I like the idea of offering Actions that are available each turn without requiring a card, so I added a series of planets that each have one of the basic actions on them. this means that every turn, whether you have a Trade card in hand or not, you can use your Action for the turn to trade 1 resource for 1 Influence. Those planets cost either 5 colonies or 1 Destroyer.
I also made "Hostile" planets, which require 1 Destroyer to attack and cannot be colonized. those each provide 1 Fighter whenever you're spending fighters (so effectively -1 to Warfare costs, as well as usable for things like Fleet Upgrade).
And finally, I created "Civilized" planets which cannot be attacked, only colonized (they have defenses and stuff). Each of those have the ability "gain 1 Influence whenever you Dissent instead of following a Warfare role." I hope that this will help counterbalance the things I added that emphasize Warfare role.
As a sort of teaser, I included Exotic icons on the Double Time cards, and I came up with 6 Agendas which could be used as an optional rule... Put 2 of them at random into play each game or something like that. In a future expansion I still intend to add a Politics role and more Agendas, and I even have a better idea how I think they'll come into play:
I think players will use the Politics role to either choose an Agenda to bring into play, or choose an Agenda in play to discard. Players will 'vote' for or against by boosting and following the role, each card played will count for 1 vote, with Politics cards counting as 2 votes. It seems like a simple system that could be fair and work the way I want it to. I could always specify icons on the agendas that indicate what you need to play in order to vote for or against that Agenda.
I'm more happy with the expansion progress now than I was before, and I've sent PDFs to a couple of friends to let me know what they think. One more round of edits and I might open up a print and play to people interested in commenting on it!
Alter Ego is not about Superheroes.
I feel like this will be a point of contention, as people have already mentioned that they "did not feel like they had super powers." People refer to Batman as a "Superhero," but he has no super powers... he's just some bad-ass who's trained various skills and bought awesome equipment in order to become a vigilante crime fighter. THAT'S what Alter Ego is about... Vigilante heroes like Batman or The Watchmen. There are no super powers here. How can I ensure that point comes across?
The main mechanism of the game is that each turn you choose what aspect to 'train' - and thereby get a card of that type for your deck. So it doesn't make sense if the cards are powers like Flight, Heat Vision, Teleporting, Telekinetics... "I think I'll work in my ability to fly today!" - just doesn't make sense.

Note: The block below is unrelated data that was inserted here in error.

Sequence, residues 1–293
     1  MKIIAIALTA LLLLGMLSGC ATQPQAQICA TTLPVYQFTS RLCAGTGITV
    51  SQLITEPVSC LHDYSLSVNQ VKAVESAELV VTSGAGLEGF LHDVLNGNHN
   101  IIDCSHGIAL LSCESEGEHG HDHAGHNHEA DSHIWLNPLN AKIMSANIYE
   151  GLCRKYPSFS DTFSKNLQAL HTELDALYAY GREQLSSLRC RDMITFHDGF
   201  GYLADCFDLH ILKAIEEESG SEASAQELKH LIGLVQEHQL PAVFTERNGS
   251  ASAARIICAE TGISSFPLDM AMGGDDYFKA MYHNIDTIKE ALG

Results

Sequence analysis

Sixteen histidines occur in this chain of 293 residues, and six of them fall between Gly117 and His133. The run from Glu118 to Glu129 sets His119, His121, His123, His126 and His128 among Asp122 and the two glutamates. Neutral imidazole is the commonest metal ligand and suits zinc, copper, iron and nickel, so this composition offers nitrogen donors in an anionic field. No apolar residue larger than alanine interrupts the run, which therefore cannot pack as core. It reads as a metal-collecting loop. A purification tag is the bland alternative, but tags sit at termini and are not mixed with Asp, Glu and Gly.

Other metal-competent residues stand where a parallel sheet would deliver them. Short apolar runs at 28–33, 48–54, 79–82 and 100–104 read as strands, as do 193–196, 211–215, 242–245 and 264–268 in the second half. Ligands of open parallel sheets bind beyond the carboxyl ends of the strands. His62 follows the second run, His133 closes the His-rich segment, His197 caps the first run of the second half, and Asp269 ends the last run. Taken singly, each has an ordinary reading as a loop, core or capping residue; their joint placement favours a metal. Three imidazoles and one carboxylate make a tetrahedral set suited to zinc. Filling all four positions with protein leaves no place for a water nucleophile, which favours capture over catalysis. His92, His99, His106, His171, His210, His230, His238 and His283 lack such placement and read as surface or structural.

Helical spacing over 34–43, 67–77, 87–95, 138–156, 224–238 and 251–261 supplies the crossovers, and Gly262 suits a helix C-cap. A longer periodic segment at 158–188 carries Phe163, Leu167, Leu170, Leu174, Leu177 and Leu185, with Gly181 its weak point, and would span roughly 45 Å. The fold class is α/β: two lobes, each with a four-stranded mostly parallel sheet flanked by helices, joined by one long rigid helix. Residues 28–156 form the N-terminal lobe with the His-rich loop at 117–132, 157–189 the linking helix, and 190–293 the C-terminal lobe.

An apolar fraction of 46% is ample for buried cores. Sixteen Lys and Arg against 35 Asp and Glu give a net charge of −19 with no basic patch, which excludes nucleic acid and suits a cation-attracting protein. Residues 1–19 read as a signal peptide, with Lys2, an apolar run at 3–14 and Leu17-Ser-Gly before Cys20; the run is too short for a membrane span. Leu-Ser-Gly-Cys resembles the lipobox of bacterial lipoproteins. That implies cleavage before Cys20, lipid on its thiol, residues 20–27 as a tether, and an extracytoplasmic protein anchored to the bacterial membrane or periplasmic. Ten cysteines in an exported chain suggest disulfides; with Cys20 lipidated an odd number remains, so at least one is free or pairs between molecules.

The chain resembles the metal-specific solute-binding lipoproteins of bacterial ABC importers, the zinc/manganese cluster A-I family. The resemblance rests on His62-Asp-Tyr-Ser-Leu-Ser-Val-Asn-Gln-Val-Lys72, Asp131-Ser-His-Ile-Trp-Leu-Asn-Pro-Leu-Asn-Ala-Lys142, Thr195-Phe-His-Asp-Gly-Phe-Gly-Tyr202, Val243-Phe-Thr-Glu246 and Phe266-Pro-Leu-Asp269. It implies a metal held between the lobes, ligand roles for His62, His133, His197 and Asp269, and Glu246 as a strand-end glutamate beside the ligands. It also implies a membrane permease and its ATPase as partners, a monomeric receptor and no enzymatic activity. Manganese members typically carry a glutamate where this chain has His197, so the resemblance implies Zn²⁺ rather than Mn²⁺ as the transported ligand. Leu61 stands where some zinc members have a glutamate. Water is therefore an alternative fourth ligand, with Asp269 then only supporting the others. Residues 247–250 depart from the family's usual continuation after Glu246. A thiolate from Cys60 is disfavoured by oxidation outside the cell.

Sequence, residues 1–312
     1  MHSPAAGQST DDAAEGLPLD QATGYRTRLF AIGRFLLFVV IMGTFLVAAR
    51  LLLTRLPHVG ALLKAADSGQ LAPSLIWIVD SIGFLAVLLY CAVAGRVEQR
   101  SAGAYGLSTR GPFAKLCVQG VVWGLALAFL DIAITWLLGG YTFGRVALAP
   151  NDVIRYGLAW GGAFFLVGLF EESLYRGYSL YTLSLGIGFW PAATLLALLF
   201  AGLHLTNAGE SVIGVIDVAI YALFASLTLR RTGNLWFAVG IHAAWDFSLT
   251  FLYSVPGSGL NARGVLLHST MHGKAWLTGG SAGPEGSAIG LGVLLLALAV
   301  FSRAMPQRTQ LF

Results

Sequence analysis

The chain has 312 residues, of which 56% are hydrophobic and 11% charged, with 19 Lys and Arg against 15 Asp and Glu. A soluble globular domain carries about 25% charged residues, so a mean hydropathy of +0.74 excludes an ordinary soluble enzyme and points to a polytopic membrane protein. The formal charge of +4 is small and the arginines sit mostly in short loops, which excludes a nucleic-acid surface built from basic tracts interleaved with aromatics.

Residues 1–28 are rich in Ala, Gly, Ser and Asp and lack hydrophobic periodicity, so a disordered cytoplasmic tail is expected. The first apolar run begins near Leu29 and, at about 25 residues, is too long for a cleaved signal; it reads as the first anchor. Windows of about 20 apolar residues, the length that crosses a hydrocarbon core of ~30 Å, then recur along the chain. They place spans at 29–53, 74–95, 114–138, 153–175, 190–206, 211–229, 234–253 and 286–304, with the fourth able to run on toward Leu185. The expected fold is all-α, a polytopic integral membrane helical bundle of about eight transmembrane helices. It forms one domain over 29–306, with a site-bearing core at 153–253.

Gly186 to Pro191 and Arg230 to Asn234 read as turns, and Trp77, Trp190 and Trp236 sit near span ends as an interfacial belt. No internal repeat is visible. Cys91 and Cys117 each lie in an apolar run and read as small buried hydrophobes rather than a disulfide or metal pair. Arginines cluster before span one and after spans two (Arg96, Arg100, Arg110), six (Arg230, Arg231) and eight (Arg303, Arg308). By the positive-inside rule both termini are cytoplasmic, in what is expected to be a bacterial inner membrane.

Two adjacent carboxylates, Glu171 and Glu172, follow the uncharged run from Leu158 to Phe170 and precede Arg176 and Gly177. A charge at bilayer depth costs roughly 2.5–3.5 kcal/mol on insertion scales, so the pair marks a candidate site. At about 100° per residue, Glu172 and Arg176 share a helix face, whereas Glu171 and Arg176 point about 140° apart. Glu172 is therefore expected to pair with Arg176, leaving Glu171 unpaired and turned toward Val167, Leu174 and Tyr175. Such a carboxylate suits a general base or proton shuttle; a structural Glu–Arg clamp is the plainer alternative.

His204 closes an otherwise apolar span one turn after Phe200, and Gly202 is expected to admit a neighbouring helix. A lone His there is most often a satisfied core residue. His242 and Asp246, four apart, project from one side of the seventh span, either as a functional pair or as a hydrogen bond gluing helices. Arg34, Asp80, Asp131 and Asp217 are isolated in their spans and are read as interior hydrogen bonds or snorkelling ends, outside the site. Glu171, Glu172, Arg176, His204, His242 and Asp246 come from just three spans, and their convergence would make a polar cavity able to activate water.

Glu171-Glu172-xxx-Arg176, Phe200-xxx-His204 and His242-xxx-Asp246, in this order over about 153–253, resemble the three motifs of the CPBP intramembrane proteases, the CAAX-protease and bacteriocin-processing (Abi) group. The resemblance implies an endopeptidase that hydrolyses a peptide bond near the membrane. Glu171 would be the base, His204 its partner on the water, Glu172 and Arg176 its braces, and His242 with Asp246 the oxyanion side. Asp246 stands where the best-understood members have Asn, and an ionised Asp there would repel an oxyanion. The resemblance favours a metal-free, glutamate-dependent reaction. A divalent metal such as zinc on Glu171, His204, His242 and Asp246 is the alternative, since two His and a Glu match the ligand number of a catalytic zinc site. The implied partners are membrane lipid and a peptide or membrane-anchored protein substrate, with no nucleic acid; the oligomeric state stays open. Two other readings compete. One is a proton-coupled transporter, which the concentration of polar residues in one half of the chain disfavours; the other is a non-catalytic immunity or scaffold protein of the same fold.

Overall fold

Instead, each Villain card indicates what skills are needed to defeat it (Strength, Speed, Smarts, Luck (I know you can't train luck, but I needed 5 things), and um... one more (maybe Focus?). There's a stack of cards for each of there (like there's a stack of cards for each of the basic actions in EmDo), and each turn you take 1. You also have cards for Family, Job, and Community - representing your ties to each of those Alter Ego aspects.
The game is about beating up bad guys in order to eventually beat up an Arch Villain, but the play revolves around constantly having to choose between your Alter Ego aspects and your Hero aspects. Which do you neglect in order to fight crime? Your family and friends? Your job? The community? Each of those comes with a benefit that you lose if you don't play those cards - but in order to beat up the bad guys, you really need to play Hero cards instead - and you can only play so many cards per turn.
I currently think there could be both a cooperative win condition and a competitive win condition in this game, and players who would like to play a fully cooperative game can do so, while players who would like individual wins could go for that. The team wins if they defeat one of the Arch Villains, while an individual wins if they defeat their own personal Nemesis. Everybody loses if the city is overrun with crime though, so players will have to make sure that doesn't happen, and that might even mean working together.
I think I even have a mechanism for working together - Teamwork Tokens. If you want a player's help (you need to use one of their hero cards in play), you give them a Teamwork Token and you get to use their card (they don't lose it). Teamwork Tokens can also be discarded 2 at a time to make up for any symbol in the game. I don't know if this will feel like teamwork or not, but it sounds like it might be a good way to allow "teamwork" in a competitive game.
I played the game (such as it is) with my incomplete prototype a couple of times in the last week, and I've solidified a few things...